Residents of Tulsa, Oklahoma, are this week marking the centennial of the 1921 Greenwood massacre with dozens of events. That includes a visit on Tuesday from President Joe Biden, who is set to meet with the three known survivors of the atrocity.
As many as 300 Black people were killed by a white mob, including National Guard soldiers and other members of law enforcement, during the infamous Tulsa massacre. The violence caused the destruction of the city's Greenwood neighborhood, a prosperous area that was known at the time as Black Wall Street.
No one was held accountable, and the massacre was not officially acknowledged, even within the city, for decades. But recently, Tulsa has started to grapple with its violent past, with two museums dedicated to documenting the history of Greenwood and memorials for those killed.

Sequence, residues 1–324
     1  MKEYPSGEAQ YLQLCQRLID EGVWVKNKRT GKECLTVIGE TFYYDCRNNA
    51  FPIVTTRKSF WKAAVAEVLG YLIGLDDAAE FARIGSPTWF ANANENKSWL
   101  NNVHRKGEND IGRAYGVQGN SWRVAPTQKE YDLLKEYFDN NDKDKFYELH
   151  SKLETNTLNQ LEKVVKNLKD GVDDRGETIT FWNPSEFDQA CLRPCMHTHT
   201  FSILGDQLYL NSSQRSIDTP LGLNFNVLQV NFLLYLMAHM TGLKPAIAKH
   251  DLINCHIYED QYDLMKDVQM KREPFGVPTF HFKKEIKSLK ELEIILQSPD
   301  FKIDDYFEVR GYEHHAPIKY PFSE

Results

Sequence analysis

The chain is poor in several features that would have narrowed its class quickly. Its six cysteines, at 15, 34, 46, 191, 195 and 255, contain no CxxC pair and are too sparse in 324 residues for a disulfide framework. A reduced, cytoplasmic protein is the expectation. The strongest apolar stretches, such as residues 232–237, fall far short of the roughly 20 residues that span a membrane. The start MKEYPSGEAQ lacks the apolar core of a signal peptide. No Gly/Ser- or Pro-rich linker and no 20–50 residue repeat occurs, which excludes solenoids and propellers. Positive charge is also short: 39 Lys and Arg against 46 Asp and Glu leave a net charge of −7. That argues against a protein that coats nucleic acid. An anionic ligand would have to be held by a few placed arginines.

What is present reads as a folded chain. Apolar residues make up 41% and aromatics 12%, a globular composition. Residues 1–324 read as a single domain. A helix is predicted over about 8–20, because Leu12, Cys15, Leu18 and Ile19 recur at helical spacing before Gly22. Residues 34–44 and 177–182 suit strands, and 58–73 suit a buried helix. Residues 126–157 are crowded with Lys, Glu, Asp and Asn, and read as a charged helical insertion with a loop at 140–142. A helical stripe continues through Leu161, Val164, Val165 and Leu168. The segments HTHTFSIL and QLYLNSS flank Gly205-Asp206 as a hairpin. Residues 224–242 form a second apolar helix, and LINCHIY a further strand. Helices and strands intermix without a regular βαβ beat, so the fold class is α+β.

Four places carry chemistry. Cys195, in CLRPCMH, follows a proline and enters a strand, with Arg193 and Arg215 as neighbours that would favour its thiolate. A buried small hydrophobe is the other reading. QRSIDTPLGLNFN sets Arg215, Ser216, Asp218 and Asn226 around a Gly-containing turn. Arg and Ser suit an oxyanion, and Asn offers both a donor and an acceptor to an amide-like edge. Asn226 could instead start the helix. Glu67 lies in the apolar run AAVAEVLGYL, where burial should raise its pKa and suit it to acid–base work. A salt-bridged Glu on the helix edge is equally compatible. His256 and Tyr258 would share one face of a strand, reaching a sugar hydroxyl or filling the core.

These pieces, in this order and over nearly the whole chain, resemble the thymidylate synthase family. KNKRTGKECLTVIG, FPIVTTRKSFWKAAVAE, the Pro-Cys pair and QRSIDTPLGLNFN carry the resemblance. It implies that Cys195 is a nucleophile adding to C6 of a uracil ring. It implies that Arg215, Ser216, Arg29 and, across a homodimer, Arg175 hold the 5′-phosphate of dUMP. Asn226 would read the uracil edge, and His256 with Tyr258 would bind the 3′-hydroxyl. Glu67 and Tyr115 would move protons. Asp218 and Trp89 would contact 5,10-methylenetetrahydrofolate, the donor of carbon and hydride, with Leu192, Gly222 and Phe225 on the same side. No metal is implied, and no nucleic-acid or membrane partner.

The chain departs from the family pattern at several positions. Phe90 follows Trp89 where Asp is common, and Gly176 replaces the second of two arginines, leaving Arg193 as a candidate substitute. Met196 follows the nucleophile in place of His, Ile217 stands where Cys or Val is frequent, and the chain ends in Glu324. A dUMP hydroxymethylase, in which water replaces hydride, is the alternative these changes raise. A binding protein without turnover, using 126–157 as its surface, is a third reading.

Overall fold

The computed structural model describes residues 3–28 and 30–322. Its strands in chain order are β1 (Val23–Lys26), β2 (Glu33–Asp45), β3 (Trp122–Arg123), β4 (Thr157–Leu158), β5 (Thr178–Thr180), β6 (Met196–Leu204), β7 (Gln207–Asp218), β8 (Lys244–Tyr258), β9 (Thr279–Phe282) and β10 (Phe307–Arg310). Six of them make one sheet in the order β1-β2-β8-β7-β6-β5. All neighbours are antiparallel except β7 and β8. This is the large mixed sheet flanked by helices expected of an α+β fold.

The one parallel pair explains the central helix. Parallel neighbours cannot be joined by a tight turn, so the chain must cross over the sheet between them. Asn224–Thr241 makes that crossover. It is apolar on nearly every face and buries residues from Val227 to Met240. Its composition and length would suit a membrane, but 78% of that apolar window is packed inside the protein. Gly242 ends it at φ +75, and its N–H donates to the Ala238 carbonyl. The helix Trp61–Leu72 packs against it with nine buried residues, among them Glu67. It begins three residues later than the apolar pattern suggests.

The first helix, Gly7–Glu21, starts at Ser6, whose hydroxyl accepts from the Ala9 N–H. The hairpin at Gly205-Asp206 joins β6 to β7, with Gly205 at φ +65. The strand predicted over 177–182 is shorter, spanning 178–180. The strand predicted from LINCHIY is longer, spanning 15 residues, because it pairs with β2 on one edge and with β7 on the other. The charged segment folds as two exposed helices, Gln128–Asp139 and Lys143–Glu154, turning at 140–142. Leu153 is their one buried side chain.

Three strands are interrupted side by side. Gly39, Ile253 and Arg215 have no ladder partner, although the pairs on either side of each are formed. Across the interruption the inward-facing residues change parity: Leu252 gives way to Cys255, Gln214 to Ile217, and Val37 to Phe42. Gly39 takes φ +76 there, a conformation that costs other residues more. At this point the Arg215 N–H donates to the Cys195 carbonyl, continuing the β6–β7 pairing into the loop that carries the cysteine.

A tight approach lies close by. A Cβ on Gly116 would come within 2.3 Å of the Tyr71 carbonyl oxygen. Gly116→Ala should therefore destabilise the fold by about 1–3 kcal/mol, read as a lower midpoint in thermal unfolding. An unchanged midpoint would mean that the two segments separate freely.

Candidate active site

Many, including a local pastor of the only church that survived the massacre, are calling for reparations for the survivors and their descendants to restore the wealth that was destroyed.
Vigils, parades, murals, and ceremonies are attempting to educate the public and acknowledge the long-standing pain — both emotional and physical — from a century ago.